Marvin Jones' Foot Injury: What to Know About His Broken 5th Metatarsal

Dave Siebert, M.D.@DaveMSiebertFeatured ColumnistAugust 13, 2014

Cincinnati Bengals wide receiver Marvin Jones carries the ball during the first half of a NFL football game against the Baltimore Ravens in Baltimore, Sunday, Nov. 10, 2013. (AP Photo/Patrick Semansky)
Patrick Semansky/Associated Press

According to Cincinnati Bengals writer Geoff Hobson, Bengals quarterback Andy Dalton will start the season without one of his prime targets, wide receiver Marvin Jones, who is recovering from a foot injury. Jones suffered a broken fifth metatarsal over the weekend, an injury that necessitated surgery.

On Tuesday, ESPN's Adam Schefter added the Bengals are hoping Jones will return on Oct. 5 following a bye week, or about eight weeks after the injury occurred.

Fifth metatarsal fractures are not uncommon in football, and an eight-week recovery time is definitely reasonable. The surgical fixation of the fracture will help ensure such a time frame, as fifth metatarsal fractures often do not heal well on their own. Even with surgery, however, nothing is a guarantee.

As is often the case with injuries, it all comes down to blood flow.

More than likely, Jones suffered, believe it or not, a so-called "Jones" fracture. A stress fracture—usually occurring in a slightly different location relative to a true Jones fracture, a subtle distinction that is a bit beyond the scope of this article—is also possible.

Wikimedia Commons.

Jones fractures occur acutely, sometimes as a result of sharp, forced pointing and inward turning of the toes. Stress fractures develop more slowly over time. Both types involve areas of bone without robust blood supplies.

Without strong blood flow, any type of fracture runs the risk of nonunion, a complication describing a fracture that reattaches incompletely or not at all.

Surgery aims to avoid such a possibility.

During a fifth metatarsal fixation operation, a surgeon—often a foot and ankle specialist—will insert a piece of metal hardware, such as a screw, into the bone. The screw will fix the bone into its proper anatomical position while it heals as best it can. Depending on the unique characteristics of the athlete and injury, the surgeon may also place pieces of bone from elsewhere in the body, called a bone graft, into the area to help stimulate healing.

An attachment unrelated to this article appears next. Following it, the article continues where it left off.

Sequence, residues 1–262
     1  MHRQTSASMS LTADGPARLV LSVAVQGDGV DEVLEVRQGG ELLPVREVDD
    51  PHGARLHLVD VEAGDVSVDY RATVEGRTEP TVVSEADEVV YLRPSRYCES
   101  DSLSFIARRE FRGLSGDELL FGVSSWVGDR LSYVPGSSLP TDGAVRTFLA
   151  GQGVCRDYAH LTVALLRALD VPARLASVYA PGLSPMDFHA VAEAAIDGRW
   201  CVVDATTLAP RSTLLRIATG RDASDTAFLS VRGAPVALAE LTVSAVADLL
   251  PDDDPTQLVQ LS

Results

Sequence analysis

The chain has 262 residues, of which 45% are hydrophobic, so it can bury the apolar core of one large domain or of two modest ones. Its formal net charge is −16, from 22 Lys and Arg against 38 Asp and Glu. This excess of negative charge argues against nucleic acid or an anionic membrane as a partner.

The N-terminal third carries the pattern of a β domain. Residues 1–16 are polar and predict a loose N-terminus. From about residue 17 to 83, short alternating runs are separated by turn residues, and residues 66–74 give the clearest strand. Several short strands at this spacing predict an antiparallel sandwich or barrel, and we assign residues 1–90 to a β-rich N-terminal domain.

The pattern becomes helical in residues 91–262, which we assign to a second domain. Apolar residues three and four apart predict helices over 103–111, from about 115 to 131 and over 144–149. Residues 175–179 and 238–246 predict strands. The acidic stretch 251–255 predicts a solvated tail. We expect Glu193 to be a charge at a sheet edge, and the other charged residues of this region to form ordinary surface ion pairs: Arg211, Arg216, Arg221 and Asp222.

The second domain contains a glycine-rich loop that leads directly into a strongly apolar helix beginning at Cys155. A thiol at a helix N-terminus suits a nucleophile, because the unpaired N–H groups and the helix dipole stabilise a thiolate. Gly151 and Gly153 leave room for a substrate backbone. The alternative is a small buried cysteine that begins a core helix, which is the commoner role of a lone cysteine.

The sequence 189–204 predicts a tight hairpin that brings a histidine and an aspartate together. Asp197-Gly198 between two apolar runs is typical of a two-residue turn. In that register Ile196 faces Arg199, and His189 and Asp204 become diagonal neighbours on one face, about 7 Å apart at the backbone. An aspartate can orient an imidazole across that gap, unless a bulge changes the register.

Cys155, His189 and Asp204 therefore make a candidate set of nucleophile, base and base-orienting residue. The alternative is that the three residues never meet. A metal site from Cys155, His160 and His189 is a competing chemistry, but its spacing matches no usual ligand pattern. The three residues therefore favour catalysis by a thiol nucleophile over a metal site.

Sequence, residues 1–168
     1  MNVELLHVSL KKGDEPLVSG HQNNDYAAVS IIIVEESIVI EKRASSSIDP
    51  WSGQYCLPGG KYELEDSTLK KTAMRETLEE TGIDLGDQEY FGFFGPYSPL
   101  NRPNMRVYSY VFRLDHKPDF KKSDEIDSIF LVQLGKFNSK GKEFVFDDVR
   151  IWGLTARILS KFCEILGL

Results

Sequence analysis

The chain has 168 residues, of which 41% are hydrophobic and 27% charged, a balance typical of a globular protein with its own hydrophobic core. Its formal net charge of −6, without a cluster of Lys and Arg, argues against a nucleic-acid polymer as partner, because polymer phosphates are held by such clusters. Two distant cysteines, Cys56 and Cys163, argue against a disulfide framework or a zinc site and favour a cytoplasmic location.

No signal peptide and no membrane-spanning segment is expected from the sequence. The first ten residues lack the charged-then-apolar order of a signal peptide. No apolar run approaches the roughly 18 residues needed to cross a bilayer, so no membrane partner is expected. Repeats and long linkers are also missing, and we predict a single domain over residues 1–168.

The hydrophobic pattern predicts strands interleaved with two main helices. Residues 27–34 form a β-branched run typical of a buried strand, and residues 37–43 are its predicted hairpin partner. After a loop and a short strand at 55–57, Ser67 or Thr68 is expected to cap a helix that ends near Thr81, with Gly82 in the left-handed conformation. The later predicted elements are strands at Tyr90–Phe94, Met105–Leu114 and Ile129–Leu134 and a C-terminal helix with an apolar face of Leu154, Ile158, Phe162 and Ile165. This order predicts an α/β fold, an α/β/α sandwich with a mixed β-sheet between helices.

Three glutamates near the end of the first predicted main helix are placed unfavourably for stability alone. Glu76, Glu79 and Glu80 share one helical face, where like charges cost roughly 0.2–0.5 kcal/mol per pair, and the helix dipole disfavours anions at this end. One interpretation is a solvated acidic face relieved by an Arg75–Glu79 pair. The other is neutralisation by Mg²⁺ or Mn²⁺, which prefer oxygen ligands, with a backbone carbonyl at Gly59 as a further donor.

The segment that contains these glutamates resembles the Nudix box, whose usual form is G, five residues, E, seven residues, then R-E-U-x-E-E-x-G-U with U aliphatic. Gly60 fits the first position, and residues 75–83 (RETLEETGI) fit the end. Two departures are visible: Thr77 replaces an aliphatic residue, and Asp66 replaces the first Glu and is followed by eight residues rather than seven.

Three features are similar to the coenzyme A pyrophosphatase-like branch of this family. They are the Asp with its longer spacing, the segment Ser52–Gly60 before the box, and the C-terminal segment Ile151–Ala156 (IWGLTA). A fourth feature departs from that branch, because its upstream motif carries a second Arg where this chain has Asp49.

Following surgery, Jones' medical team will likely advise the wideout to not bear any weight on his foot for several weeks. Bearing weight too early runs the risk of moving the fracture further out of place.

This X-ray shows a Jones fracture, highlighted by the blue arrow.
This X-ray shows a Jones fracture, highlighted by the blue arrow.Wikimedia Commons.

Jones will also probably receive additional rounds of X-rays at set intervals to gauge the progress of his fracture's union around the screw. Once X-rays begin to demonstrate reunion, he may slowly return to weight-bearing status, progressively increasing his activity until he can return to full speed without pain.

That said, according to a 2002 study by C. M. Larson and colleagues in the American Journal of Sports Medicine, returning to full activity before images show complete union of a Jones fracture probably increases the risk of repeat fracture or incomplete union down the line.

Larson also found that elite athletes failed surgical treatment more often than casual competitors.

In other words, let the waiting game begin.

Jones may very well show complete or near-complete union by the eight-week point in his recovery, but a slightly longer time frame should not come as a surprise to anyone. After all, the risk of long-term complications with this type of fracture often lends itself to conservative, not aggressive, management.

Additionally, while surgery dramatically decreases the risk of a poor outcome following a Jones fracture—Dr. Timothy Mologne and colleagues reported in the AJSM in 2005 that only one of 19 patients who underwent surgical treatment eventually developed complications, compared to eight of 18 who did not go under the knife—no treatment is perfect.

Just last year, Atlanta Falcons wide receiver Julio Jones—amazingly, another NFL wide receiver named Jones recovering from a probable Jones fracture—refractured his left fifth metatarsal and needed revision surgery. He originally suffered a stress fracture sometime in 2011.

Hopefully, Jones—Cincinnati's Jones, that is—will not follow suit.

Dr. Dave Siebert is a second-year resident physician at the University of Washington and a member of the Professional Football Writers of America. He plans to pursue fellowship training in Primary Care (non-operative) Sports Medicine.


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